According to the European Institute for Gender Equality (n.d.), psychological violence includes “isolation from others, verbal aggression, threats, intimidation, control, harassment […] insults, humiliation and defamation”. This essay discusses how challenging the status quo is key to advancing global development and peace by extrapolating research conducted by Oates, Edgar and Edgar, and Custance (2012); to recent world events. “Forensic psychologists […] are well placed to challenge inappropriate policies and practices” (Towl and Crighton, 2015, p. 9).
The idea that psychology could be used to design better systems is not new (Edgar and Edgar, 2012). Many people choose to ignore the deep side of policy, and instead attend to more superficial aspects, why is that? This type of selective attention is considered to be a form of bias (Seguin, 2016). Research conducted by psychologists in the 1950s and 1960s as explored by Edgar and Edgar (2012), gave light to how difficult it can be for the human mind to attend to several stimuli simultaneously. This might explain why individuals choose to overlook complex signals such as “injustice”, especially since the definition of “justice” is socially constructed (Faulkner, 2015). The meaning people extract from media stories influences the importance they attribute to such events; and this is shaped by their expectations, political memory filters, and cognitive styles (Edgar and Edgar, 2012; Değirmenci and Kaya, 2018). For instance, although media coverage of Brexit gained full attention from the UK public, it generated confusion at the status quo level; eliciting confounding variables such as division, conscious racial prejudice, and ideologically driven violence (OHCHR, 2018). It can be said that such unpredictable uncertainty hit the nervous system of the UK (Mohdin, 2019; Bailey and Budd, 2019; Ishkanian, 2019), causing interference and overwhelming the collective capacity to process the magnitude of the situation at hand.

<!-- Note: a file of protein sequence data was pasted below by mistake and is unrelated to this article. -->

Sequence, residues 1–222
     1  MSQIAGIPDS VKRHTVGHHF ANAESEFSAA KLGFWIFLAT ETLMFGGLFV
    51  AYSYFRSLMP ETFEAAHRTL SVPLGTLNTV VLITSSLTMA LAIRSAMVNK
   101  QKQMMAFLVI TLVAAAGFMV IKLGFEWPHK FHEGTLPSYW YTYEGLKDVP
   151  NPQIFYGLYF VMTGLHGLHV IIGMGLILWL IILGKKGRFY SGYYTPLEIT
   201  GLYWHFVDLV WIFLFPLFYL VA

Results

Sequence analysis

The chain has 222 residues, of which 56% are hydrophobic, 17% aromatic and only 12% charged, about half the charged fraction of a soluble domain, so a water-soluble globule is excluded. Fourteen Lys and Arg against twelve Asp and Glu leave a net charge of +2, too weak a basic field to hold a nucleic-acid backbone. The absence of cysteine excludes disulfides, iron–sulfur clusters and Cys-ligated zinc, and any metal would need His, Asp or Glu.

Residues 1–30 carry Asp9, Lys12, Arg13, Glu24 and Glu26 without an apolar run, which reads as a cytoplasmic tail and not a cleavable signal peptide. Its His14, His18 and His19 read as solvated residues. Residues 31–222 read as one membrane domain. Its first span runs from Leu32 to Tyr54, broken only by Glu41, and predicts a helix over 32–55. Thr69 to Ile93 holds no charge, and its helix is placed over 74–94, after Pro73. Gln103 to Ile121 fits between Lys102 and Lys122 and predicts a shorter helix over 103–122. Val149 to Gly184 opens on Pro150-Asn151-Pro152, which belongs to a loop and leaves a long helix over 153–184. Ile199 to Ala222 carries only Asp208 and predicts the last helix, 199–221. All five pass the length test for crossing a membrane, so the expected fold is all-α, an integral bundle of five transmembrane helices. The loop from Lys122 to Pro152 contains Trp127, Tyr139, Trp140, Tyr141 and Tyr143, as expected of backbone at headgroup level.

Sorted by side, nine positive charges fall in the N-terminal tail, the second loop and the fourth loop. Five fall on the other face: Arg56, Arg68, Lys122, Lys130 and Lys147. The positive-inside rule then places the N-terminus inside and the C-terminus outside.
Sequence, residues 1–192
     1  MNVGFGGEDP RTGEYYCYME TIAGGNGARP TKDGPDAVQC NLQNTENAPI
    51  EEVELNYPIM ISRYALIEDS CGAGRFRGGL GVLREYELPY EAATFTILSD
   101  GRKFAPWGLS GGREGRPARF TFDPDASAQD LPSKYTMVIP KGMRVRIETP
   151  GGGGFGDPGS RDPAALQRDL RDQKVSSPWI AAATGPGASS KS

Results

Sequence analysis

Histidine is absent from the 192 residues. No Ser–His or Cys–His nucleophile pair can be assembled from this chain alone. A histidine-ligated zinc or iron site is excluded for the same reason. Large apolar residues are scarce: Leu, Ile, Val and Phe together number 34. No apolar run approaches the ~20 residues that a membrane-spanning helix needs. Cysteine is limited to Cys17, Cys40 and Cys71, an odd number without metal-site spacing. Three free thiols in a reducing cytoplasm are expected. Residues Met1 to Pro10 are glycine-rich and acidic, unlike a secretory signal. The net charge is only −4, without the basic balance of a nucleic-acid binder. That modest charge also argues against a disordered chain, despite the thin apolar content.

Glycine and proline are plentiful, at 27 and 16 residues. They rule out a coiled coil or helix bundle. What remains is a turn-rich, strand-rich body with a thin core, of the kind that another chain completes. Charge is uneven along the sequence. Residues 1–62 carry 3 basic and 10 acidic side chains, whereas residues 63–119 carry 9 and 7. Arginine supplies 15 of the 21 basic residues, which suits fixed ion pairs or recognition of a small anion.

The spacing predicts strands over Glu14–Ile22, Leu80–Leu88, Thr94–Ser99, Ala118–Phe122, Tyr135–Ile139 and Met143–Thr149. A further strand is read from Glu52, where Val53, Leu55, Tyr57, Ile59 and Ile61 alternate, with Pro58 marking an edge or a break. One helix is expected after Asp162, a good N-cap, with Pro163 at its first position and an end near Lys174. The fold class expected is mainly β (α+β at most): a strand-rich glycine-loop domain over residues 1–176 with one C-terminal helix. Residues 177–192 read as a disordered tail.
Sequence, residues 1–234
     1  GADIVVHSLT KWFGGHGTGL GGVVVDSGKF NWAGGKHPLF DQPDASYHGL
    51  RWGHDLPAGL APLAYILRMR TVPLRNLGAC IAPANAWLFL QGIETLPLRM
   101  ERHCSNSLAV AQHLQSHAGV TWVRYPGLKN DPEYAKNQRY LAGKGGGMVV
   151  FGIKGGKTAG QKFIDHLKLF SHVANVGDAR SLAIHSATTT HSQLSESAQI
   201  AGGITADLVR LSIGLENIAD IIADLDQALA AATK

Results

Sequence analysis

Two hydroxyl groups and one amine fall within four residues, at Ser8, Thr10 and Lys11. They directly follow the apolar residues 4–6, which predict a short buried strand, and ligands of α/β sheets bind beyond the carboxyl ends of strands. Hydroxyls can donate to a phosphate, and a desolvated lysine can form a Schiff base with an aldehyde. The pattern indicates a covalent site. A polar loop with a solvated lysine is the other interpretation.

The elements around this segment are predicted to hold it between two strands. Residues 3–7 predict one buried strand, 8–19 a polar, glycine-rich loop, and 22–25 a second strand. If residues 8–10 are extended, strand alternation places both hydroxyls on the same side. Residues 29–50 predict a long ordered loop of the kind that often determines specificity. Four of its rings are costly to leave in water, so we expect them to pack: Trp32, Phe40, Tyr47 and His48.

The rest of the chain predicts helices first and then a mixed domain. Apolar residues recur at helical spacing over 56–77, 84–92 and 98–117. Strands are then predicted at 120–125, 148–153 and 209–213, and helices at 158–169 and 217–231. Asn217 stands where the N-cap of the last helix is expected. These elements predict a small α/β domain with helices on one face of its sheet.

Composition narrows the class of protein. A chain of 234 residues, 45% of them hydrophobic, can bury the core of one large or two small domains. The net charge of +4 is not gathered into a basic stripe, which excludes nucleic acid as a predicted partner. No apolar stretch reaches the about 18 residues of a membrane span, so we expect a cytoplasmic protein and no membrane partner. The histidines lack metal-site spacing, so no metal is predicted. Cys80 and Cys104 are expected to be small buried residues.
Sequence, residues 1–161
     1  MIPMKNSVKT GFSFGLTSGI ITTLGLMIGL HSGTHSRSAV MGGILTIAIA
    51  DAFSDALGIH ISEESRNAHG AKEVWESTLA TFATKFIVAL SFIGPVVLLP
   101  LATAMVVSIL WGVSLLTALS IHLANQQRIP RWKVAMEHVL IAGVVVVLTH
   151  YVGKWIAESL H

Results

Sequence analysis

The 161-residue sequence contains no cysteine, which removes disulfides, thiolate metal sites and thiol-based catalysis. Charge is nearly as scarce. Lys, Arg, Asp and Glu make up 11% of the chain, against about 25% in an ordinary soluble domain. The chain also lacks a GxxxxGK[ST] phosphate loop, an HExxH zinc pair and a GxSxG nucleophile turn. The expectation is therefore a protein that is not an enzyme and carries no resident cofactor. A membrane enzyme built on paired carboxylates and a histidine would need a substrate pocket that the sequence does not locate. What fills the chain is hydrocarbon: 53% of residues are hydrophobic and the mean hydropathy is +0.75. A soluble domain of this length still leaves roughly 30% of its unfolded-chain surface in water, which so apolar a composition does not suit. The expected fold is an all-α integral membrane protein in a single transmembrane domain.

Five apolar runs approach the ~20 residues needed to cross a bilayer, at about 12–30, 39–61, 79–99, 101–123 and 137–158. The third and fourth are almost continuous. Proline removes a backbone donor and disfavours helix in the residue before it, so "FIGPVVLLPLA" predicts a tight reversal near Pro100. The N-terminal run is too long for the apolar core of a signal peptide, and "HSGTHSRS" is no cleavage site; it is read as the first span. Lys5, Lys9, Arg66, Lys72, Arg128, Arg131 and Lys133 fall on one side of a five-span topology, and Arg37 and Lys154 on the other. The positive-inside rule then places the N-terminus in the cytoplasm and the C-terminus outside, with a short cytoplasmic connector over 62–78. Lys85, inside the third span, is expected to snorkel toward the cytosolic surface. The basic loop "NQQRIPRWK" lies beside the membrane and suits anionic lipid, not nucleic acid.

The two-process theories of attention describe: (1) controlled attention as being conscious; and (2) automatic processing as being subconscious (Edgar and Edgar, 2012). Allocating cognitive resources to select what to attend to functions in a similar way to economies, where governments must select and prioritise meaningful aspects that need attending to. For instance, there are problems that do not make it to the priority list in governmental debates, and what is considered a priority is always at the discretion of the legislature (GOV.UK, n.d.a). It is often the resulting circumstances that speak about whether the allocation of resources was appropriate. Broadbent’s (1958) model as explained by Edgar and Edgar (2012) highlighted how information is absorbed and filtered through the limited capacity channel after the senses discriminate inputs based on the stimuli’s physical properties or meaning; and how the mind can become overwhelmed with too much data. This resembles the information processing system of the state apparatus. Some stories get magnified by the media, and others become peripherally encoded (Smith et al., 2018). This has been criticised by human rights defenders (Maier, 2019) as it is clear that media content and representation, as well as spoken words have an effect on societal behaviour (Edgar and Edgar, 2012; Kennedy, 2007), and the audience can either allocate attention to the local media, the global media, or both (Beck, 2018). “Words have consequences, and ill words that go unchallenged, are the first step on a continuum towards ill deeds” (Theresa May gives speech on the state of politics, 2019).